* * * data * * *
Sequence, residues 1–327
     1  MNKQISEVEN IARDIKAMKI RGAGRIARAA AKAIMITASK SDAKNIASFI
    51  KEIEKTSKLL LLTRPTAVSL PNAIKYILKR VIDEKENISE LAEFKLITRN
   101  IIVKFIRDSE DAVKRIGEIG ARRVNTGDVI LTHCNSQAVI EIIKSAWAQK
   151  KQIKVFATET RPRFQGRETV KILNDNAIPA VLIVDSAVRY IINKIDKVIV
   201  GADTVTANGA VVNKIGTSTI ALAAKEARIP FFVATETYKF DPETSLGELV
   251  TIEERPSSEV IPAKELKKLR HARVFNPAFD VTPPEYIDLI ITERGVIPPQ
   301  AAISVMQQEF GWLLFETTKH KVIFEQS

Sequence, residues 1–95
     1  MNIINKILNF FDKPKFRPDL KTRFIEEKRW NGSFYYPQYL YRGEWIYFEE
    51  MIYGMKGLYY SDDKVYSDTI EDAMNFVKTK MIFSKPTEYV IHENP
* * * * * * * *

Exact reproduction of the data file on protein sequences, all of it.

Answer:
Sequence, residues 1–327
     1  MNKQISEVEN IARDIKAMKI RGAGRIARAA AKAIMITASK SDAKNIASFI
    51  KEIEKTSKLL LLTRPTAVSL PNAIKYILKR VIDEKENISE LAEFKLITRN
   101  IIVKFIRDSE DAVKRIGEIG ARRVNTGDVI LTHCNSQAVI EIIKSAWAQK
   151  KQIKVFATET RPRFQGRETV KILNDNAIPA VLIVDSAVRY IINKIDKVIV
   201  GADTVTANGA VVNKIGTSTI ALAAKEARIP FFVATETYKF DPETSLGELV
   251  TIEERPSSEV IPAKELKKLR HARVFNPAFD VTPPEYIDLI ITERGVIPPQ
   301  AAISVMQQEF GWLLFETTKH KVIFEQS

Sequence, residues 1–95
     1  MNIINKILNF FDKPKFRPDL KTRFIEEKRW NGSFYYPQYL YRGEWIYFEE
    51  MIYGMKGLYY SDDKVYSDTI EDAMNFVKTK MIFSKPTEYV IHENP